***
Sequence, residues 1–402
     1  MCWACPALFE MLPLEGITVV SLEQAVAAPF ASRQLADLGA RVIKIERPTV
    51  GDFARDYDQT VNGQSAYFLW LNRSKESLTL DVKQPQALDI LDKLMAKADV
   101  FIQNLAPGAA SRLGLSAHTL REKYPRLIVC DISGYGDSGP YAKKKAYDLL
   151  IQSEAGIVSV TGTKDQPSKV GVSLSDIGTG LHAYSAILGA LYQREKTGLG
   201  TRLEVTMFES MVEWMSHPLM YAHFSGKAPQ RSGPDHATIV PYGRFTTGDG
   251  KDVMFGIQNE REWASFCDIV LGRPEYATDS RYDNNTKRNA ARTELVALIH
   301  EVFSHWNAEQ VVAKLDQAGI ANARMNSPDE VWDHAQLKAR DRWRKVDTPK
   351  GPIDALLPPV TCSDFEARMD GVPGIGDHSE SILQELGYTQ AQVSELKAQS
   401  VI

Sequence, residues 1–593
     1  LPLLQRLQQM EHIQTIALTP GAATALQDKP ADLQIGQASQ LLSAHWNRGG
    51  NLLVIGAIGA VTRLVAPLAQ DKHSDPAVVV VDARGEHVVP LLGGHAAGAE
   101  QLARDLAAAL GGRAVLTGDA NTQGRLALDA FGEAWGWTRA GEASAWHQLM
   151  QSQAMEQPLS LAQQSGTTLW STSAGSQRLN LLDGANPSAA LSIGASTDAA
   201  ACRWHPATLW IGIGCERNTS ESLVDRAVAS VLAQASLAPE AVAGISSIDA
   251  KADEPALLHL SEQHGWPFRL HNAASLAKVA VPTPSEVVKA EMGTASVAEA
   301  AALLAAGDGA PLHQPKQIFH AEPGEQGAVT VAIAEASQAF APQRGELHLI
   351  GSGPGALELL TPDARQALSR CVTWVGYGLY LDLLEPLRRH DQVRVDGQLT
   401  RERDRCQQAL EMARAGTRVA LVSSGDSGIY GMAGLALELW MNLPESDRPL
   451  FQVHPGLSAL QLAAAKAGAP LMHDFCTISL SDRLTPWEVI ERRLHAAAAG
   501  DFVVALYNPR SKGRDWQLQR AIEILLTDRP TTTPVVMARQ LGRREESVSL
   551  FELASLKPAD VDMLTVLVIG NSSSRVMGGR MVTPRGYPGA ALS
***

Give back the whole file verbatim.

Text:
Sequence, residues 1–402
     1  MCWACPALFE MLPLEGITVV SLEQAVAAPF ASRQLADLGA RVIKIERPTV
    51  GDFARDYDQT VNGQSAYFLW LNRSKESLTL DVKQPQALDI LDKLMAKADV
   101  FIQNLAPGAA SRLGLSAHTL REKYPRLIVC DISGYGDSGP YAKKKAYDLL
   151  IQSEAGIVSV TGTKDQPSKV GVSLSDIGTG LHAYSAILGA LYQREKTGLG
   201  TRLEVTMFES MVEWMSHPLM YAHFSGKAPQ RSGPDHATIV PYGRFTTGDG
   251  KDVMFGIQNE REWASFCDIV LGRPEYATDS RYDNNTKRNA ARTELVALIH
   301  EVFSHWNAEQ VVAKLDQAGI ANARMNSPDE VWDHAQLKAR DRWRKVDTPK
   351  GPIDALLPPV TCSDFEARMD GVPGIGDHSE SILQELGYTQ AQVSELKAQS
   401  VI

Sequence, residues 1–593
     1  LPLLQRLQQM EHIQTIALTP GAATALQDKP ADLQIGQASQ LLSAHWNRGG
    51  NLLVIGAIGA VTRLVAPLAQ DKHSDPAVVV VDARGEHVVP LLGGHAAGAE
   101  QLARDLAAAL GGRAVLTGDA NTQGRLALDA FGEAWGWTRA GEASAWHQLM
   151  QSQAMEQPLS LAQQSGTTLW STSAGSQRLN LLDGANPSAA LSIGASTDAA
   201  ACRWHPATLW IGIGCERNTS ESLVDRAVAS VLAQASLAPE AVAGISSIDA
   251  KADEPALLHL SEQHGWPFRL HNAASLAKVA VPTPSEVVKA EMGTASVAEA
   301  AALLAAGDGA PLHQPKQIFH AEPGEQGAVT VAIAEASQAF APQRGELHLI
   351  GSGPGALELL TPDARQALSR CVTWVGYGLY LDLLEPLRRH DQVRVDGQLT
   401  RERDRCQQAL EMARAGTRVA LVSSGDSGIY GMAGLALELW MNLPESDRPL
   451  FQVHPGLSAL QLAAAKAGAP LMHDFCTISL SDRLTPWEVI ERRLHAAAAG
   501  DFVVALYNPR SKGRDWQLQR AIEILLTDRP TTTPVVMARQ LGRREESVSL
   551  FELASLKPAD VDMLTVLVIG NSSSRVMGGR MVTPRGYPGA ALS